The sight of plants coming awake is so exciting. I absolutely adore this anticipation of the spectacular displays to come. With my garden Open Day a mere three weeks away and TeaTown’s PlantFest less than two weeks away, there is tons of work to do. At double time. I’m juggling other work and garden work in a frenzied sort of way. When I’m working on one thing, I’m feeling the pressure of the other pending projects. The up side is that this will not go on forever. PlantFest will happen.  Open Day will come and fingers crossed, the garden will please the visitors. I’m also doing my best to appeal to the weather gods to bless us with fabulous weather.

In the midst of addressing all the work and responsibilities, I have been completely consumed by the robin’s nest below the kitchen window. I’d become the creepy stranger lurking around spying on an expectant mother. I took pictures constantly and every task that took me away from said window was resented.

Yesterday morning, as I made coffee, I watched the mama robin sitting calmly and patiently on her clutch of four eggs. Took a picture. She turned her head, cocked an eye upwards, indicating she was aware of me.

A half-hour later in my office upstairs, I noticed a couple of large crows flying past the window in front of my desk. Something about them made me uneasy but I had to carry on with the task at hand. About an hour later, I went back down to the kitchen and peered out. It was completely empty. No mama, no eggs. I could see a piece of blue egg shell on the ground. An avian home invasion had occurred.

I’m totally heartbroken. I realize it’s nature at work but this travesty happened in my garden and somehow I cannot help feeling like I failed in protecting the robins. If only the wisteria had begun leafing out as it would’ve normally, the nest situated within its limbs would have been better hidden. Perhaps if I’d stayed at the kitchen window, I could’ve shooed away the crows. If only …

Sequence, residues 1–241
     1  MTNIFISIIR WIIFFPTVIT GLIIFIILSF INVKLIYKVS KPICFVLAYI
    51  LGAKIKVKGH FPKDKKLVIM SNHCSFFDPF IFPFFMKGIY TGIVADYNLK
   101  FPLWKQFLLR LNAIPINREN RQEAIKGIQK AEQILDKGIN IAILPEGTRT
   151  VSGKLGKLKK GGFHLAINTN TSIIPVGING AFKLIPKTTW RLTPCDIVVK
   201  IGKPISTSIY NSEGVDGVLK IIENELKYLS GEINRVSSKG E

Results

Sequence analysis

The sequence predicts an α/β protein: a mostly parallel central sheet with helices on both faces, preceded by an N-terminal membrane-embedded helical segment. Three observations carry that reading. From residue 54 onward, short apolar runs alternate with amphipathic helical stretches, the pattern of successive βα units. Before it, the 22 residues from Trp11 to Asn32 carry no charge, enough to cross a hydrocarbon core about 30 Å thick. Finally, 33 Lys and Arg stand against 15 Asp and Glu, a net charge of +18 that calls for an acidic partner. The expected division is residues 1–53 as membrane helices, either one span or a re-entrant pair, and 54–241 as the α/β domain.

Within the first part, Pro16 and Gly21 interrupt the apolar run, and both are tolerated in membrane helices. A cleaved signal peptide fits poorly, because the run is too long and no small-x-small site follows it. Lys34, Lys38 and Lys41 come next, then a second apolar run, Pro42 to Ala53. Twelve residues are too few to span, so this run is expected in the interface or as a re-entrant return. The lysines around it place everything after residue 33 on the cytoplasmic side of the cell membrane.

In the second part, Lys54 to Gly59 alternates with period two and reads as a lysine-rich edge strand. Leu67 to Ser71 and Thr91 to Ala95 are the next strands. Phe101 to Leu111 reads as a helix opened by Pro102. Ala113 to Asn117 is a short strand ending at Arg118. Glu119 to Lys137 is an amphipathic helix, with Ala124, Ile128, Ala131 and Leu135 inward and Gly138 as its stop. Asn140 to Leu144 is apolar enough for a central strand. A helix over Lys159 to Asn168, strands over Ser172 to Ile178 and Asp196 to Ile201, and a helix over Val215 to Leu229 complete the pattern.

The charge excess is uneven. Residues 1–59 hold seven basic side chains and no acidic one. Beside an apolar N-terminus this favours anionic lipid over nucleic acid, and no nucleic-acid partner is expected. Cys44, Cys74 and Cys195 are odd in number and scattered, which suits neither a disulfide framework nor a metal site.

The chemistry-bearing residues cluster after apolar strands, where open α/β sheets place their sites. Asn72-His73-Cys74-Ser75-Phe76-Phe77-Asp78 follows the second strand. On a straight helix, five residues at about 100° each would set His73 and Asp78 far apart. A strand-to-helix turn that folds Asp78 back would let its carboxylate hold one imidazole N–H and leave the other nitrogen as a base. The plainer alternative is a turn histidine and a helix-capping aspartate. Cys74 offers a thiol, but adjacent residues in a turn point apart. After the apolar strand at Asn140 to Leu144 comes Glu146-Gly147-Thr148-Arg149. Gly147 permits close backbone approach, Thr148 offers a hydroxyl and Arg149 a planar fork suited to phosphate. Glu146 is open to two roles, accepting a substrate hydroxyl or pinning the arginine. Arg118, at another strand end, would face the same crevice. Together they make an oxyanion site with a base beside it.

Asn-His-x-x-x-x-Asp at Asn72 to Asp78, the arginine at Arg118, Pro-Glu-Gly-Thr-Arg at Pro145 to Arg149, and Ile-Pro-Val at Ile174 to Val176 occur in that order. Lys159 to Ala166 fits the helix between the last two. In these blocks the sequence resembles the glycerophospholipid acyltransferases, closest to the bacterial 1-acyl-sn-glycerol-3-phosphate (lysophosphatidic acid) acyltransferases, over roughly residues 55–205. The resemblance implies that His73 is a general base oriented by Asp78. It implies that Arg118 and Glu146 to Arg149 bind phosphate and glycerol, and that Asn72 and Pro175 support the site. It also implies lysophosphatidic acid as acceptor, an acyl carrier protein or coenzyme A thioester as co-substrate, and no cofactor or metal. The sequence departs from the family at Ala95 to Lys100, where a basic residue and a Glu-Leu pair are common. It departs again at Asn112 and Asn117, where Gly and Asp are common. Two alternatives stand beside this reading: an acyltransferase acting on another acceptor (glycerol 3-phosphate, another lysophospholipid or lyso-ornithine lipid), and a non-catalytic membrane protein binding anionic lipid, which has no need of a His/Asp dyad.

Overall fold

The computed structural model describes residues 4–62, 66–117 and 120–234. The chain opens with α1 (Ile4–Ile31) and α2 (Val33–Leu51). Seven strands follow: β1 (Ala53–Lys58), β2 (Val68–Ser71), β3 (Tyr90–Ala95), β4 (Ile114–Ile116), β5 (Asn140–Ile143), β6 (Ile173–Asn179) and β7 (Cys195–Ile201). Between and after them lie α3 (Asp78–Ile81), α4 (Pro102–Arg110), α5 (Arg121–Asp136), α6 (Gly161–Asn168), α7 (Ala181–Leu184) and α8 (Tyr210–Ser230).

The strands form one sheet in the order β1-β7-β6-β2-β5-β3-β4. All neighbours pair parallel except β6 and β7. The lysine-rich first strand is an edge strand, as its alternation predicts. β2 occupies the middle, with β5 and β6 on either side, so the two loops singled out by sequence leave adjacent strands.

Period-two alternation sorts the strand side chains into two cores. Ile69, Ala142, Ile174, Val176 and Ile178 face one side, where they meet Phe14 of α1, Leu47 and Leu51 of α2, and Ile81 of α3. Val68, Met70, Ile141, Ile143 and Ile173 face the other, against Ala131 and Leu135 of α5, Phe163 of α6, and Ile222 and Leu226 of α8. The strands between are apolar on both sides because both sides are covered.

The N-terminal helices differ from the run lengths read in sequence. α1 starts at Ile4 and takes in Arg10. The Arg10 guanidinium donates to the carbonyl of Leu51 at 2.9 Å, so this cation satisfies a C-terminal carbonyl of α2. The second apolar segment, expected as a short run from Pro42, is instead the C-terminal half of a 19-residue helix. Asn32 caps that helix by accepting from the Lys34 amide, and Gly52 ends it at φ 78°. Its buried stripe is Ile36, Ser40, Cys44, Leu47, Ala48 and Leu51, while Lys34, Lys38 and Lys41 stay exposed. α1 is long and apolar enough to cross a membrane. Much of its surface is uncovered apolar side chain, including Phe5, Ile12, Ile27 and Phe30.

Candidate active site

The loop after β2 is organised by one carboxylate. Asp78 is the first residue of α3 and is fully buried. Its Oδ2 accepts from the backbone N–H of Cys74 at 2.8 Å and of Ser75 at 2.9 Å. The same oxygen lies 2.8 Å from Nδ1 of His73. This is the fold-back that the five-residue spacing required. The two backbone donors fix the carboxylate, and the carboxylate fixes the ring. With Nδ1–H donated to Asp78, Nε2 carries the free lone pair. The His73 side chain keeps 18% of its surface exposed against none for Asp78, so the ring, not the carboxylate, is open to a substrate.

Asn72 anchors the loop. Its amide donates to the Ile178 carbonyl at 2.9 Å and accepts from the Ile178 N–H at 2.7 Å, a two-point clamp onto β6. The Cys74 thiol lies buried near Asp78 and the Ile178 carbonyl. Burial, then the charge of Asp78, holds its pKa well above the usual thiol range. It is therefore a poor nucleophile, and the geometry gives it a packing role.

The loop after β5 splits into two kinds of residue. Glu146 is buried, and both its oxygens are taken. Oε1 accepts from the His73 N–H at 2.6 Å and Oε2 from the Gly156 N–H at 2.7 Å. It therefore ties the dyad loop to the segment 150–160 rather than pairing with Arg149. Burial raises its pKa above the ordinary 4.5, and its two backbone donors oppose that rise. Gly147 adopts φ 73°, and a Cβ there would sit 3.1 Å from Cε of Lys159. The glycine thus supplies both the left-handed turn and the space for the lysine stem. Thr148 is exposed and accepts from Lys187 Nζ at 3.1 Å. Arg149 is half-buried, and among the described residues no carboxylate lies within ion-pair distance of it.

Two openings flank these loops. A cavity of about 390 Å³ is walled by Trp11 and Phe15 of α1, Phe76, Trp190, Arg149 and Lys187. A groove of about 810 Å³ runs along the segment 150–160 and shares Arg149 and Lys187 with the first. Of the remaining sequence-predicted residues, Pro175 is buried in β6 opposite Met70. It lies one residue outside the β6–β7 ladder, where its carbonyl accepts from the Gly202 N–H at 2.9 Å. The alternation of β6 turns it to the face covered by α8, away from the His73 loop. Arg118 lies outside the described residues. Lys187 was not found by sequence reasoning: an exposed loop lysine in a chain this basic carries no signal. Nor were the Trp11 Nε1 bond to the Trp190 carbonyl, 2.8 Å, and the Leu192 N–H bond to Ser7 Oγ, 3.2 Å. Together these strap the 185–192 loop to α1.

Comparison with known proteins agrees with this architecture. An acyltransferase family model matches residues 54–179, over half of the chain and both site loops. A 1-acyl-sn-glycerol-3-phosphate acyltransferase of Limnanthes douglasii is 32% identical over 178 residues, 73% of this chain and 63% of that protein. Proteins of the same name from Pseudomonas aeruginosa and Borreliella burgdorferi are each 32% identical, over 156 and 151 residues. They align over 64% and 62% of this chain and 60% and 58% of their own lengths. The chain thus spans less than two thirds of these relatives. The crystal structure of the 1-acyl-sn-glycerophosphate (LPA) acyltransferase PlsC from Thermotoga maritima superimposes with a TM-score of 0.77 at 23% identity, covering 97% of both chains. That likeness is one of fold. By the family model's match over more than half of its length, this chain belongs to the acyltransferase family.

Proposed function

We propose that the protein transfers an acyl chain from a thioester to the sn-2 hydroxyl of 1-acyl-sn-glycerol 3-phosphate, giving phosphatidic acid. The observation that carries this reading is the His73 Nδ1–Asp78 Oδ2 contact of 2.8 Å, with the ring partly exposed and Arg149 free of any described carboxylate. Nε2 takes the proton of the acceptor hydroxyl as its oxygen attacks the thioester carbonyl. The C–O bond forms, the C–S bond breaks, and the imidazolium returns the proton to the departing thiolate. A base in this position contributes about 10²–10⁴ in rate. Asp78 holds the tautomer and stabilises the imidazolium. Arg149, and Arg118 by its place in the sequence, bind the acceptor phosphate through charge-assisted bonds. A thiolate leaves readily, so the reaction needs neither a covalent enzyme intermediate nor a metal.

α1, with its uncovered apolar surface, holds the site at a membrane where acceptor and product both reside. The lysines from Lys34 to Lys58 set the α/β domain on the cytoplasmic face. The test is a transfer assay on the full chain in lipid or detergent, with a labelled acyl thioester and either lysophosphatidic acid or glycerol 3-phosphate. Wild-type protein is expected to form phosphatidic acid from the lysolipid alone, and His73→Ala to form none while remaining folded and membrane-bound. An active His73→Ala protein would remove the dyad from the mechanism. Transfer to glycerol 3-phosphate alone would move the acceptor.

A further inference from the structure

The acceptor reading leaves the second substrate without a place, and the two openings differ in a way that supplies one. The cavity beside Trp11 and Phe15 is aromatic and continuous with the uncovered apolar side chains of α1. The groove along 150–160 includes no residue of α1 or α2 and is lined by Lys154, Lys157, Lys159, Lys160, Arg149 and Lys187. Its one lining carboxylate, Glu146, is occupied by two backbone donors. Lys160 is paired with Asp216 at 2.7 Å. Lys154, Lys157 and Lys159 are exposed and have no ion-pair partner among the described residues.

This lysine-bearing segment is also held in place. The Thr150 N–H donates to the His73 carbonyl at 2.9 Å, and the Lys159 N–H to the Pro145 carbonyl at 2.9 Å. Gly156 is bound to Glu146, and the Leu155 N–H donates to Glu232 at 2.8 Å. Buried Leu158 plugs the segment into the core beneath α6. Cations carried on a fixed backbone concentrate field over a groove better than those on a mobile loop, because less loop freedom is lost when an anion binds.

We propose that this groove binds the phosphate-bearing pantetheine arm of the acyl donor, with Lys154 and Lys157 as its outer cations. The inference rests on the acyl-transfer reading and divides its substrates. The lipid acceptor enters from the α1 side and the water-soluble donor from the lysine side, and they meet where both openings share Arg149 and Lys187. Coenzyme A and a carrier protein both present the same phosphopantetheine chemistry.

Life, I know must and will go on. But I’m taking some time to mourn this loss. To send thoughts and blessings to that mother – to stay strong and try again soon at a safer site. And for what it is worth, I’m so sorry.

Last Saturday, to help me stay on track with my work ( without being distracted by the goings on in nests and such), I had sent off for a good outdoor camera ASAP. No, pronto, toute suite. It was to be set up so it could take photos of the nest round the clock. I wouldn’t have to miss anything. Sadly, that will no longer be necessary for this occasion.

Instead, I’m going to position the camera to take a series of shots that determine a time-line of sorts of how the meadow evolves through the seasons. Perhaps it’ll be interesting. Or merely prosaic. For the time being, it’s all I can emotionally handle.

Building the nest

Still building

Both parents

Four perfect eggs

Incubating

After the home invasion.

(c) 2018 Shobha Vanchiswar

 

January Jubilation

We’re already half-way into January – where did the time go?! It’s as though the new year was welcomed only yesterday. Yet, the record low temperatures we’re experiencing has made the days seem slow. Apart from a brief spike in temperature towards the end the last week, it really has been unbearably cold. On the up side, this has made me turn to the indoors. I’m reorganizing and rearranging. During the course of the years, so much in the house goes by the way side when engaged in the purpose of living. Now is the perfect time to look around and take stock of all those neglected tasks. A lick of paint, a spot of cleaning, some repair, a few replacements and a whole lot of editing. I’m cleaning up and paring down. In getting rid of anything that is no longer useful and re-purposing other items to serve me the way I now live, I’m giving my home up to my speed. Nothing dramatic or elaborate but significant to me nonetheless. Taking on this ‘project’ is infusing me with an enormous dose of enthusiasm. The sense of aligning the home space to one’s current lifestyle is pure bliss.